INDIANAPOLIS, IN — For many women across the state of Indiana, February 9 wasn’t a typical Friday night. Instead of watching sports or going out for dinner after a long week, they were waiting online for the Indiana Secretary of State’s website to post the 2018 candidate filing results—with a record-setting number of women candidates.
Currently, 71 women have filed to run for a state-level legislative office in Indiana—a 31.5% increase from the 2016 general election. According to data collected by the Center For American Women and Politics (CAPW) at Rutgers University, this is the first time since they began collecting data that there has been an increase in the number of women candidates running compared to the previous general election in Indiana. This is notable since general elections have consistently outperformed midterm elections in voter turnout and candidacy filings due to the attention presidential elections generate.
“We are elated, and not even close to done” said Amanda Schutte, chairperson of 92 County Strategy, a political organization dedicated to moving Indiana forward through citizen education on local, state, and federal government. In early January, Schutte and a handful of other organizers from Women Reshaping Indiana, League of Women Voters, Our Revolution, and Seat at the Table, connected online over social media to brainstorm how to get more women to run for office. “Most of us didn’t know each other at the beginning of the year,” says Torri Williams with Women Reshaping Indiana. “What is so remarkable is how we pulled together online almost overnight and across hundreds of miles to reach out to thousands of women.”
These women, all volunteers juggling families, jobs, and businesses along with their activism, have collaborated to launch a year-long, statewide education and engagement initiative called
March To The Ballot to empower women to run for office. “We know that it is one thing to march and create a revolution of sisters and allies,” says Schutte. “It is a whole other thing to leverage that momentum into positive political change by putting women in positions of power at all levels of government.”
Holding pop-up filing stations, complete with on-site notaries, at rallies and events around the state, March To The Ballot organizers have signed up and motivate hundreds of women and men to run for everything from Precinct Committee Person to seats for the State House.
March To The Ballot attributes much of its success to its online presence, with free educational training videos and a #DareToDem social media campaign that has spawned scores of women posting selfies of themselves registering to run, attending county party meetings, and knocking doors to get out the vote. “Women use social media to connect with and learn from each other,” says Schutte. “Looking at our data and results from Friday night, it is clear that we made a significant impact on candidate filings in Indiana.”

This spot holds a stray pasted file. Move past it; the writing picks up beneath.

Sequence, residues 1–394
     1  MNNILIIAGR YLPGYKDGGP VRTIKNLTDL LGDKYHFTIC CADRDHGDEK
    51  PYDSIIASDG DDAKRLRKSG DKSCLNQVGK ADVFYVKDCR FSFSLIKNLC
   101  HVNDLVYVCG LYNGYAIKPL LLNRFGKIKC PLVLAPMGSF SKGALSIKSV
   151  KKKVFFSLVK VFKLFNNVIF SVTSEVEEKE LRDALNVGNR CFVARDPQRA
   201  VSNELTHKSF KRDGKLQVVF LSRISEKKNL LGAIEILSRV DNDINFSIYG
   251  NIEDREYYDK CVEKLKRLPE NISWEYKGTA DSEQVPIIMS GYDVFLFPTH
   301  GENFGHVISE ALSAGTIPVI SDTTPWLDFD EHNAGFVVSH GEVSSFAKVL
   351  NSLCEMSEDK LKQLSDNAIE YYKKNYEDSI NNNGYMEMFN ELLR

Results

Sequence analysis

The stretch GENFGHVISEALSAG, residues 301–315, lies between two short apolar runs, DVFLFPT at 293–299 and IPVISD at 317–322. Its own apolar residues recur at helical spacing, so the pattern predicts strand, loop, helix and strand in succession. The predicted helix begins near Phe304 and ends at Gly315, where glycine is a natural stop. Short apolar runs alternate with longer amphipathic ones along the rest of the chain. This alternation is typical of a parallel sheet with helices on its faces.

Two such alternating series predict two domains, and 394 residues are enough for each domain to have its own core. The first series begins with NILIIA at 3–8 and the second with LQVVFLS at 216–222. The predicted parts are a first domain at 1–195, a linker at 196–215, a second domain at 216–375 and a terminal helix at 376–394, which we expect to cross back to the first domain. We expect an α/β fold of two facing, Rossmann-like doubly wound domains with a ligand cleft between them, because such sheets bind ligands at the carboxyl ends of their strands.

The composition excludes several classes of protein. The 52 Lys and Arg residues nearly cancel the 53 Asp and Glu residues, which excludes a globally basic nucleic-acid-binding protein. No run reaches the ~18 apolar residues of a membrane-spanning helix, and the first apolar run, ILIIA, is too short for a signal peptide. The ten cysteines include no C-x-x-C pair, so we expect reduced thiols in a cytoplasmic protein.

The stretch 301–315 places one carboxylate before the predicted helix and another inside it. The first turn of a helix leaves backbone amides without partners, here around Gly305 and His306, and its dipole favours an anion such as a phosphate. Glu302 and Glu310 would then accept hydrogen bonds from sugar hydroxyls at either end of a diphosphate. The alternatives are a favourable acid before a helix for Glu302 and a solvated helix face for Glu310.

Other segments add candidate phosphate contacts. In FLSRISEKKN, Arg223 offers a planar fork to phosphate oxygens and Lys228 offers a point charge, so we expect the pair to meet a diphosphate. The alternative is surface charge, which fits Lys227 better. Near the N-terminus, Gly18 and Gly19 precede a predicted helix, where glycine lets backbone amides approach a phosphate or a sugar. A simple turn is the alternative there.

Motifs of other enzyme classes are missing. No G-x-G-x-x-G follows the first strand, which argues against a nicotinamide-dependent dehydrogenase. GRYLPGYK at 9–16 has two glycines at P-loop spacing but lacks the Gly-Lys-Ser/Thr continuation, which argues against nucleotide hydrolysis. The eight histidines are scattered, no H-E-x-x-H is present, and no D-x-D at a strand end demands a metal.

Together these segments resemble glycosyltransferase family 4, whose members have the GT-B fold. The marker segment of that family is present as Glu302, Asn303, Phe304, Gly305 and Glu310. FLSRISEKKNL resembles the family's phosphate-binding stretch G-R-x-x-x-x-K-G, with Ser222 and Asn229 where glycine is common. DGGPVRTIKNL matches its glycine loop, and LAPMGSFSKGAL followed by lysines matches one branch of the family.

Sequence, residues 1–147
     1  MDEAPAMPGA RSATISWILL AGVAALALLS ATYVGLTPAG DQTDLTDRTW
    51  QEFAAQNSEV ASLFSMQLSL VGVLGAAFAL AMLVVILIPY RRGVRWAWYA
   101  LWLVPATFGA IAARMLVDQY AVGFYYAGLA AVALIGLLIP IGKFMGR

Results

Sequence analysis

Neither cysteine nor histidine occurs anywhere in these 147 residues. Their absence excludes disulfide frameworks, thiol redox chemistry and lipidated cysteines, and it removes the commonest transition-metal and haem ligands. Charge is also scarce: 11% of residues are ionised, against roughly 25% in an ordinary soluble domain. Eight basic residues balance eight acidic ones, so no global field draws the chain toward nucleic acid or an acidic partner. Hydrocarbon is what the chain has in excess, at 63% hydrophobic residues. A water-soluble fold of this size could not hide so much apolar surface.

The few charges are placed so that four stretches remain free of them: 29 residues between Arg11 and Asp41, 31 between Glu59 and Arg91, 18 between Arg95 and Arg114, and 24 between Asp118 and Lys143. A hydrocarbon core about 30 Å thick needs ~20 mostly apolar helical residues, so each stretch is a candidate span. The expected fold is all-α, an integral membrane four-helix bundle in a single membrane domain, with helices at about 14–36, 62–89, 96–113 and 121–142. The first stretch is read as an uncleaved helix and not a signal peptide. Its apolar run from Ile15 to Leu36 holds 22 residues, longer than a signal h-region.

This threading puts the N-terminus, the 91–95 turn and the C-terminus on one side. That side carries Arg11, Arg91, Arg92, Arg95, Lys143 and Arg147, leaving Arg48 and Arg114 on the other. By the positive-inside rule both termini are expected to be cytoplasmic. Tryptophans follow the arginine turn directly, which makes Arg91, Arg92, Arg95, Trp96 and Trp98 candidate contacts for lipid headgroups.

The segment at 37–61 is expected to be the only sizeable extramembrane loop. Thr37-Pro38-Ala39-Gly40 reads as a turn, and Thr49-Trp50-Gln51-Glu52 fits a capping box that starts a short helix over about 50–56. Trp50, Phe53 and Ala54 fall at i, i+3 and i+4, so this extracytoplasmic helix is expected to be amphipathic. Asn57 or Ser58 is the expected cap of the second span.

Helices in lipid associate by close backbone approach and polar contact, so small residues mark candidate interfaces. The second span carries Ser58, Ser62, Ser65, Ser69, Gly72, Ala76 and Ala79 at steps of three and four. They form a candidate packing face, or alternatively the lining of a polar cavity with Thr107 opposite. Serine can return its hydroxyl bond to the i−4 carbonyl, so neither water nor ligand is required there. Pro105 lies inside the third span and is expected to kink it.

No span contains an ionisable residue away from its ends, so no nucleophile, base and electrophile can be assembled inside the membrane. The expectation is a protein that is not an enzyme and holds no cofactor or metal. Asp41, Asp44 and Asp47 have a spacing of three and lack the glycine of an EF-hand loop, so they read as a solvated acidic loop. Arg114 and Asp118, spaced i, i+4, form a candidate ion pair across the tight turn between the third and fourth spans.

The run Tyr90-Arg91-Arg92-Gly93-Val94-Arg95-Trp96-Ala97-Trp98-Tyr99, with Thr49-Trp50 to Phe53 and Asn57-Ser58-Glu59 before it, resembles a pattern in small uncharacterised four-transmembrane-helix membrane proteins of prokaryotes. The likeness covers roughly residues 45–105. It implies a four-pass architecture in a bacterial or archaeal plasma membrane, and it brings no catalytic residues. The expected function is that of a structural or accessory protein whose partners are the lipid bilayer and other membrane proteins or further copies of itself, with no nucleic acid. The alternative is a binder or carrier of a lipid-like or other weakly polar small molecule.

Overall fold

With women making up 22% of the United States Congress—and only 7% of those are women of color—the United States lags behind other countries such as the Netherlands, Great Britain, France, and Sudan. Indiana ranks 37th in the nation with only 20% of the General Assembly being women. “When women do run, they are statistically just as likely to win as men,” says Jama Brown with Northeast Indiana chapter of the League of Women Voters. “Historically, there haven’t been enough women running. We’re changing that.”
While some might write off the recent increase in women filing for office as a blip on the radar, referring to it as a “pink wave” against the sweeping victories of the GOP in 2016, data from CAPW shows women candidates running for state office in Indiana has increased 153% since 2000. “The number of women getting into politics, especially women of color, is more than just a wave,” says Williams. “This is a rising tide like we’ve never seen before in the history of our country. This is about women opening doors for themselves and for each other. We weren’t invited to the political process, but we’re here to stay.”
For more information on the #DareToDem campaign or on the March To The Ballot initiative, visit 92 County Strategy on Facebook or visit http://www.in92.org. (Full Image Gallery)